As a follow-up to the iconic Brooks Cascadia 5, I’ve now put plenty of miles on its successor, the Brooks Cascadia 6. This new show boasts a 100% upgraded design on a similar chassis. In the end, I really like both the 5 and 6 for some of the same and different reasons.

Brooks Cascadia 6 Features:

  • Synthetic leather and nylon/polyester mesh uppers with microfiber overlays are lightweight quick drying performance
  • Element air-mesh in uppers and linings provides excellent ventilation and moisture management
  • DNA cushioning uses high viscosity liquid to react instantly to each step
  • Midsoles feature BioMoGo polymer alloy foam for cushioning and is biodegradable
  • Medial and lateral Pivot Posting system helps outsoles adapt to your stride
  • Forefoot Ballistic Rock Shield keeps your feet protected
  • Weight: 640 grams (size 9)
  • Colors: Energy/Navy/Silver or Slam/Maize/Black (tested)
  • MSRP: $110

Brooks Cascadia 6 Trail Running Shoes Review

I was flat-out smitten last year by the Cascadia 5’s, so I was going into the 6’s with a very high bar. Initially, I found that some of the changes in the uppers seemed unnecessary, but after use I began to appreciate them. Walking through the shoes, there remains an abundance of mesh for supreme breathability. I have a tendency to get really hot feet and never experienced anything of the sort with the Cascadia 6’s.

I’ve enjoyed running in the Cascadia 6’s all Spring. With all the cool, wet weather, I’ve had a mixed-bag of trail conditions along the way. Wet, soft and even snowy trails have since given way to tacky and now dry and loose trails. Throughout all those conditions, I have to say I’m impressed with the grippyness of the low-profile treads on the 6’s. Some may be skeptical with such low-profile lugs, but once you’re on the trails, a believer you will be.

The 6’s continue with the slightly-rockered midsole that translates into smooth-rolling forward motion. I think this is one of my favorite features of the Cascadia’s. I have a whole closet full of trail running shoes and only my two pairs of Cascadia’s offer a rockered sole. For my forefoot running style and technique, I have yet to find another shoe that feels as natural. Given the choice of running a trail marathon with any shoe I’ve got, I’d pick the Cascadia’s every time.

The uppers fature enough mesh for breathability yet still have a slew of supportive material to keep your foot in place and under control. New this year is the flexing upper eyelets that are suspended via a small piece of stretchy elastic. The intent is to provide a flexible fit under a variety of conditions and foot shapes. For me, I found it nice sometimes, but could never really get used to the extra movement when going downhill. Frankly, I missed the secure feeling of a locked-in foot.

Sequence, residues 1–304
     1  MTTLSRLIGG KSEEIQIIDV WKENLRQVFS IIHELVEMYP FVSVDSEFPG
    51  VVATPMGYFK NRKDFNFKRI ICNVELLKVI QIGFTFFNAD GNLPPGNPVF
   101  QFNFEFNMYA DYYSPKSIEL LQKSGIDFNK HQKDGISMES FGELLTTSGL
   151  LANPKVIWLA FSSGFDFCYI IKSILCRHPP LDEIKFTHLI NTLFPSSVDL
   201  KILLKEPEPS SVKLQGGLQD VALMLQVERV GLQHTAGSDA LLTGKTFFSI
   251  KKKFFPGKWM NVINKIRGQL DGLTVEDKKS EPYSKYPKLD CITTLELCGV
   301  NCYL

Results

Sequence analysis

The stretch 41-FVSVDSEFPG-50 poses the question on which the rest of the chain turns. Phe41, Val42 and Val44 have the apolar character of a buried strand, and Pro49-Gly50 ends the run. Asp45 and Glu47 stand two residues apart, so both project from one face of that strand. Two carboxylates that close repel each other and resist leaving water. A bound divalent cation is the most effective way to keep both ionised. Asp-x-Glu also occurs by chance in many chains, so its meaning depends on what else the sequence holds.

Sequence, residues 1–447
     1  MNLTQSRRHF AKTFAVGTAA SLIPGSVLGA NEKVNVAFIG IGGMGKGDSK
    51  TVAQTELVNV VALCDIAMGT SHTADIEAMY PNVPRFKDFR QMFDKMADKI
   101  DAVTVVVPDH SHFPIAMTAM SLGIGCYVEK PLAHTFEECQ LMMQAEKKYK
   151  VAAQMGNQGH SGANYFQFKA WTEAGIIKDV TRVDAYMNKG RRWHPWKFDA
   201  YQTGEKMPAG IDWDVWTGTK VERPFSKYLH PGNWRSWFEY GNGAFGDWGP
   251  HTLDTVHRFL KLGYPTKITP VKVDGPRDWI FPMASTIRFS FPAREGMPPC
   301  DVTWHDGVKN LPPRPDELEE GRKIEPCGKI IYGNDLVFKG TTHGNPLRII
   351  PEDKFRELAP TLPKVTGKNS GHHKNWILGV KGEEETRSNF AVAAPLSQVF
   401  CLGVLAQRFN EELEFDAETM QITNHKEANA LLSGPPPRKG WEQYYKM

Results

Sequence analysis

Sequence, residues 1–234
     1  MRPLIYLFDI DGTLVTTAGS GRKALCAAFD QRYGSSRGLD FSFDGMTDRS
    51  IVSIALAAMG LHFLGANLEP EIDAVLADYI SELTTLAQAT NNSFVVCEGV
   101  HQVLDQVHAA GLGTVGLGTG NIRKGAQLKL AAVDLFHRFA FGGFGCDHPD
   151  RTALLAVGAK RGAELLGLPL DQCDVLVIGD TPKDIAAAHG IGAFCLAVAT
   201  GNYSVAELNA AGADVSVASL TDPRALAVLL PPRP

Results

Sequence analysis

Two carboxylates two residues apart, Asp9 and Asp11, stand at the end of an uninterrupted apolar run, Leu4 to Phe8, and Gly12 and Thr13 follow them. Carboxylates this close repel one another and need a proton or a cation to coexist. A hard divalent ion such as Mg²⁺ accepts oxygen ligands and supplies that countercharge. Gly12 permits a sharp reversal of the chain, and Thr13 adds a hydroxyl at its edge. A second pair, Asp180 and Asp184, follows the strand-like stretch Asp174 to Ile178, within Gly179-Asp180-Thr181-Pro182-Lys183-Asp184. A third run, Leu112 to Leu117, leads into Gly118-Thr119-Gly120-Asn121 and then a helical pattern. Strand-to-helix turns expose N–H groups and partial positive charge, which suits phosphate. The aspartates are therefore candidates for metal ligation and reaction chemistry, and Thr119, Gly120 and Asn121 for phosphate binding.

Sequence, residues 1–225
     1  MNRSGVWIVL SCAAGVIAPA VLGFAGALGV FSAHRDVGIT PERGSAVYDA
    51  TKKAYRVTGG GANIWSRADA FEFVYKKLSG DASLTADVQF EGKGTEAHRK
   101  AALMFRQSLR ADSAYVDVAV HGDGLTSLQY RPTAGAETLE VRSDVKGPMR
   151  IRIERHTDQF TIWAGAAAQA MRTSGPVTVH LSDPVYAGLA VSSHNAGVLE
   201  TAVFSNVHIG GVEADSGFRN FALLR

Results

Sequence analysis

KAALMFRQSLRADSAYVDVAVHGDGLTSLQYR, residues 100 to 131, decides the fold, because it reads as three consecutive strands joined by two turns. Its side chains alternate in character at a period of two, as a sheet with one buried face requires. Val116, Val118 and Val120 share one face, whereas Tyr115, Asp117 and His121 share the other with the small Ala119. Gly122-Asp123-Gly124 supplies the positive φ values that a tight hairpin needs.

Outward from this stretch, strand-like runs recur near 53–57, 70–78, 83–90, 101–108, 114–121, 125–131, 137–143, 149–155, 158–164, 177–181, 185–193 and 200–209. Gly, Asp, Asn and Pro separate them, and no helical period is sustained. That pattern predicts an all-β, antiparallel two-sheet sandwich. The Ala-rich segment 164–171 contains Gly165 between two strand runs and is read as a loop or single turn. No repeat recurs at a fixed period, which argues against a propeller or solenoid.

More on the feel of the shoe… the ballistic rock shield is absolutely perfect. It provides just the right amount of trail feel while offering killer protection from trail scree. Cushioning is superb and feels a little more taut than last year. I opted to run with the Superfeet Blue insoles in these and found the combination to work very well with my feet. They add very little weight and are low profile enough as to not change the feel of the shoe. That said, I did find that the overall volume of the 6’s was a bit higher than last year, but the length feels about the same (I was again good with size 11’s).

Good Cascadia 6

  • My favorite feature is the slightly-rockered sole
  • The BIOMOGO sole is biodegradable
  • Efficient for training or racing alike
  • Excellent stability
  • Inside heel protection keeps scuffs at a minimum
  • Traction is solid in most terrain
  • Trail feel is spot-on

Bad Cascadia 6

  • The stretchy lacing can be a little too stretchy on the downhill
  • Perhaps a little “blingy” in the red color (but you sure look fast)
  • Wet traction is its only nemesis

Bottom Line: Brooks Cascadia 6 Trail Running Shoes

I’m again impressed with the new Cascadia’s. While I still really like my 5’s the 6’s are a bit more feature-packed and should fit a wider variety of feet. Given the choice of all the shoes in my quiver, the Cascadia’s are still the top of the heap.

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About Author

A Seattle native, Jason developed a love for the outdoors and a thing for mountains. That infatuation continues as he founded this site in 1999 --sharing his love of road biking, mountain biking, trail running and skiing. That passion is channeled into every article or gear review he writes. Utah's Wasatch Mountains are his playground.

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